Instead, the totality of the circumstances leads us to the opposite conclusion. The record of the jury selection shows that the prosecutor took detailed notes regarding which panel members had formerly served on juries. She knew which of them had been on juries that had reached a verdict *304and which had sat on hung juries. Without further inquiry, the prosecutor’s assumed connection between a prospective juror’s previous service on a hung jury and a tendency or greater willingness to hang a subsequent jury may have been tenuous, but not implausible. The reason for the challenge is also related to the case to be tried in a way that, for example, membership in the Masons organization has been held not to be related. See Gamble v. State. A potential juror’s history of service on criminal juries is unarguably relevant to the trial of a criminal case. Under other facts than those presented by this case, and especially if there was some evidence that similarly-situated nonblack panel members were treated differently, we could conclude that a peremptory challenge exercised without questioning a panel member was a mere pretext for a racially-motivated exclusion. Under the circumstances of this case, however, we cannot conclude that the trial court’s determination to the contrary was not supported by substantial evidence.
Our determination is buttressed considerably by the unusual fact that the prosecutor, defense counsel and the trial judge all failed to recognize that Ms. Harty was black until the selection process had been completed. Normally, the prosecutor’s claim that she did not realize Ms. Harty was black would be akin to a mere assertion that no discriminatory motive prompted the challenge. Batson and Sandoval establish that such an assertion is not enough to overcome a defendant’s prima facie showing of discrimination. Here, however, both defense counsel and the trial judge stated they did not realize Ms. Harty was black. Defense counsel first became aware of her race when defendant pointed it out to him after the selection process was completed. The trial judge did not become aware of it until defendant objected to the use of the challenge. Since racially-discriminatory challenges are the evil that Batson and Sandoval aim to eliminate, and awareness of a panel member’s race is a logical prerequisite to a challenge based on race, the prosecutor’s apparent, and manifestly reasonable, lack of such knowledge militates against a determination that the challenge was racially motivated. We caution the trial courts, however, to note that this is an unusual factual situation and reiterate that in most cases a prosecutor’s bald assertion that he or she did not know the panel member’s race should have no effect on the court's assessment of the nature of the state’s use of its peremptory challenges.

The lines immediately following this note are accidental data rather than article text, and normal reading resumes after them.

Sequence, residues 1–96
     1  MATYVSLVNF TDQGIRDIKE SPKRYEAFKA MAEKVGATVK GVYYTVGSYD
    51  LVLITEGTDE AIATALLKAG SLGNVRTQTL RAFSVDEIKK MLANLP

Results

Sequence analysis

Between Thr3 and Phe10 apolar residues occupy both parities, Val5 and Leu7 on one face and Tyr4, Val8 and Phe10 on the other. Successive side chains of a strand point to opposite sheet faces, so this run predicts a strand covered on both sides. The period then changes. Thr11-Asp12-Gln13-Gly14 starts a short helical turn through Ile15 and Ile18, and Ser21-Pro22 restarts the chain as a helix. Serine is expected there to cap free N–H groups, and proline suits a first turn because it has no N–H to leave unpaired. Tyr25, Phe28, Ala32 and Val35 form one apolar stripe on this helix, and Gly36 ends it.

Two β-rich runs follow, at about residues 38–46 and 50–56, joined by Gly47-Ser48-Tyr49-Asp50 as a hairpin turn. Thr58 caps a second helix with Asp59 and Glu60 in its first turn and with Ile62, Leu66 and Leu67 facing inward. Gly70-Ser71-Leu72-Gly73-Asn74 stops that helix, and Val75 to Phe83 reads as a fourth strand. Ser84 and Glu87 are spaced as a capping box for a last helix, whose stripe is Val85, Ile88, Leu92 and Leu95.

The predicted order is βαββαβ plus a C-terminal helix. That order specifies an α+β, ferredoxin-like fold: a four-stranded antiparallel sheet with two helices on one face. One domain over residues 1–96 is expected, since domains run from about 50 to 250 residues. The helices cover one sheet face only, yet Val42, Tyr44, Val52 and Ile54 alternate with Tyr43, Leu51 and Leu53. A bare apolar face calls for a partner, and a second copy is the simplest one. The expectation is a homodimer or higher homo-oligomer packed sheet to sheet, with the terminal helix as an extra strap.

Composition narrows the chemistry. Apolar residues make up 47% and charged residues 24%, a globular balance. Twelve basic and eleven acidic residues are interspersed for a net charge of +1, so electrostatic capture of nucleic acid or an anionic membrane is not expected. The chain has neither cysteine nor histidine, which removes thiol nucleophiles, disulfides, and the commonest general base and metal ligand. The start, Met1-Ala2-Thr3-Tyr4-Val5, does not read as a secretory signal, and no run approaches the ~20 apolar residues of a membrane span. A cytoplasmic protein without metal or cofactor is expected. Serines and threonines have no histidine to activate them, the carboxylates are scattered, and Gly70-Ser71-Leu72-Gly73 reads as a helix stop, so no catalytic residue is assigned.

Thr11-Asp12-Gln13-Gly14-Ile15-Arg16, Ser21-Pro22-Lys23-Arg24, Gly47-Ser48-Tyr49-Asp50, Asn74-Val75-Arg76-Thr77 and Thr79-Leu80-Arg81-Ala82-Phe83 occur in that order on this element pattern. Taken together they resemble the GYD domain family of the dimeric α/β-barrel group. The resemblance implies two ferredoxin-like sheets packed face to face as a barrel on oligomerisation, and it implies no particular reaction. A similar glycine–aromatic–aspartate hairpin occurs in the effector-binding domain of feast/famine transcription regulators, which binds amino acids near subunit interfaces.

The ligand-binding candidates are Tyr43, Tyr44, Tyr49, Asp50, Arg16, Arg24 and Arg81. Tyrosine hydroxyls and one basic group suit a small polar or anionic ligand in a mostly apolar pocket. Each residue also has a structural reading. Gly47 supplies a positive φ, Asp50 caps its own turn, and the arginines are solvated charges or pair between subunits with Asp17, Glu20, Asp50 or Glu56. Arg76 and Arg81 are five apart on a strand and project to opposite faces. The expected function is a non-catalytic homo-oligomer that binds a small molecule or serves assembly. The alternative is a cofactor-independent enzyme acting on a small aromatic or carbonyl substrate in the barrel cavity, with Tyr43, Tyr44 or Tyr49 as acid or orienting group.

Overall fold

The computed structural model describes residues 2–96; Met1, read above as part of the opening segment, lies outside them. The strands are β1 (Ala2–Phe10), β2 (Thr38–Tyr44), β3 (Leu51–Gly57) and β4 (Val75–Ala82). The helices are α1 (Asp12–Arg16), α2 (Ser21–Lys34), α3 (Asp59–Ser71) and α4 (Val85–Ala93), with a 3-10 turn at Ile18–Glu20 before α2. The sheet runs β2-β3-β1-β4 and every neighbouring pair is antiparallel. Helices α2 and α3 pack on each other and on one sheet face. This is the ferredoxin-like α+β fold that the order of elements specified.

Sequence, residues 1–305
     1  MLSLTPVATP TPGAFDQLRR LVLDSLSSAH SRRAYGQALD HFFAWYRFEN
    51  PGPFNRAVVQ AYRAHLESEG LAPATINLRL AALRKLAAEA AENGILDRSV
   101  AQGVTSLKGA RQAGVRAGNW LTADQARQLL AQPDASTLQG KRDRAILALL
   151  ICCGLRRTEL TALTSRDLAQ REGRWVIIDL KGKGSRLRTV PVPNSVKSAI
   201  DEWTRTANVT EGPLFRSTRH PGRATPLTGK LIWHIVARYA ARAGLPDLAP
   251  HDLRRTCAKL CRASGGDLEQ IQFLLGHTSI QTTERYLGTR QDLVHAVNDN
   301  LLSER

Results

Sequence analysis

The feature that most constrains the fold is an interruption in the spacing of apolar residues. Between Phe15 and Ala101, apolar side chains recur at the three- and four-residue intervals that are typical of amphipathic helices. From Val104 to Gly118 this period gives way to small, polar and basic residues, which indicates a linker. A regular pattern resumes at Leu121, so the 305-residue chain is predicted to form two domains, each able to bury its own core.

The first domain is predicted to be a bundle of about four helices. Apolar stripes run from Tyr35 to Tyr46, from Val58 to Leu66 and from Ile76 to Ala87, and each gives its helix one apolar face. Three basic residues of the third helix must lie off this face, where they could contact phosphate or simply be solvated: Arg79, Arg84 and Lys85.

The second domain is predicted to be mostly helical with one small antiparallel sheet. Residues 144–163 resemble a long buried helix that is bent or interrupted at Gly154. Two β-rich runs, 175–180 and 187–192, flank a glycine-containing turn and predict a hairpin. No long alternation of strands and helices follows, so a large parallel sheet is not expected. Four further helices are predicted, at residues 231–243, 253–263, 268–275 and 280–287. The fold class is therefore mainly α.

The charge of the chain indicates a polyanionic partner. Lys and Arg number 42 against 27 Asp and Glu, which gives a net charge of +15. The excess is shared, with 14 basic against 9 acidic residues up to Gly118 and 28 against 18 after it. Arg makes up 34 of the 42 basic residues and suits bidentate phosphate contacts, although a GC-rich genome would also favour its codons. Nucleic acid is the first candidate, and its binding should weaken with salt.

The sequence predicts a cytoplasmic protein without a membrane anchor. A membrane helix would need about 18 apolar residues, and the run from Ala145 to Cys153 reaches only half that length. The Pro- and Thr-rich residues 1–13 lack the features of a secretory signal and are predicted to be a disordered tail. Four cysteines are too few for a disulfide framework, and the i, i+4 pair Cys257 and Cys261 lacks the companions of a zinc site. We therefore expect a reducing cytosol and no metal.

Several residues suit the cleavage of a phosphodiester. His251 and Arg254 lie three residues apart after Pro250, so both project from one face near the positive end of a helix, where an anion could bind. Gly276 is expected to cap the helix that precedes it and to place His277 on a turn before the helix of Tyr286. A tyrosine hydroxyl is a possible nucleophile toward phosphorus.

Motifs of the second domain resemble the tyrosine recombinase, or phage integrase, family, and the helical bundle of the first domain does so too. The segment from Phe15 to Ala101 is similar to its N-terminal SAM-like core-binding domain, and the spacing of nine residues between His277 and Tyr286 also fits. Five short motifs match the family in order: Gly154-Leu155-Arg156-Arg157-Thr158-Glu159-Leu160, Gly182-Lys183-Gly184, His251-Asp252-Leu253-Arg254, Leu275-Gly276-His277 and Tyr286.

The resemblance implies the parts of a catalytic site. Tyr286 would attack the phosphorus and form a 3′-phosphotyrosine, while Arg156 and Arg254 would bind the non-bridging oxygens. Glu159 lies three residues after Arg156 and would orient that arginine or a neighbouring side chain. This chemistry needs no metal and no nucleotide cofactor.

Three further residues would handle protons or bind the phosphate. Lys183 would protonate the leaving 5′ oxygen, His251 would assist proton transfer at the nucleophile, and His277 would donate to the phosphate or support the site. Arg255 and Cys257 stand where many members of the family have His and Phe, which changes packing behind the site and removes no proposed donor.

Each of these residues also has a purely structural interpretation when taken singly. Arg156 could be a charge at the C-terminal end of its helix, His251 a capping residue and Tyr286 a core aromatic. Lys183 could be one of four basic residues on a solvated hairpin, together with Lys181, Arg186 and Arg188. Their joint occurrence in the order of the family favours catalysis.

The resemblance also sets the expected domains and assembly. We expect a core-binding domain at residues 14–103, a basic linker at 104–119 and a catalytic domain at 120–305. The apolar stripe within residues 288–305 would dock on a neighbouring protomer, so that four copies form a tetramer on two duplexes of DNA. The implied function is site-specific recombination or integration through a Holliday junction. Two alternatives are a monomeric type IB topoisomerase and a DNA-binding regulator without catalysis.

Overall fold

In summary, although we have concluded that defendant established a prima facie case of discrimination involving the state’s use of its peremptory challenge, we hold nonetheless that the state rebutted the prima facie case by providing a racially-neutral explanation for its challenge. Defendant’s claim that the jury selection process denied him equal protection of the law must thus fail.
II. SUBSTANTIAL EVIDENCE ISSUE
Defendant contends the jury lacked sufficient evidence to convict him of aggravated battery. He testified that he intended to hit the victim with a large steel pipe to immobilize him. Additionally, he stated he hit the victim in self-defense. Yet, the other witnesses testified the victim had no weapon in either hand and was backing away from defendant when he was struck. Irrespective of this conflicting testimony, it was undisputed that the victim was knocked unconscious by the blow and his jaw was shattered. On appeal, this court must resolve all factual conflicts in favor of the verdict. See State v. Lankford, 92 N.M. 1, 582 P.2d 378 (1978). Consequently, we hold that substantial evidence supports the verdict.
Defendant’s conviction is affirmed.
IT IS SO ORDERED.
BIVINS and GARCIA, JJ., concur.